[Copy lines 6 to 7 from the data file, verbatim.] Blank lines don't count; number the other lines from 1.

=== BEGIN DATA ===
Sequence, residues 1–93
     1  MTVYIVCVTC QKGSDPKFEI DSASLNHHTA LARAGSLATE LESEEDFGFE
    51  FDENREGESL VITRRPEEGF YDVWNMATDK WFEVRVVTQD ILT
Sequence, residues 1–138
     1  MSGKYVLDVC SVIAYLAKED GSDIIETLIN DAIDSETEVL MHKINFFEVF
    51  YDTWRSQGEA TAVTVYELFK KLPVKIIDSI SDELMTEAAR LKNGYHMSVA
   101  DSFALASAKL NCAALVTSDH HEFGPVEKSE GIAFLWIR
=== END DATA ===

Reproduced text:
    51  YDTWRSQGEA TAVTVYELFK KLPVKIIDSI SDELMTEAAR LKNGYHMSVA
   101  DSFALASAKL NCAALVTSDH HEFGPVEKSE GIAFLWIR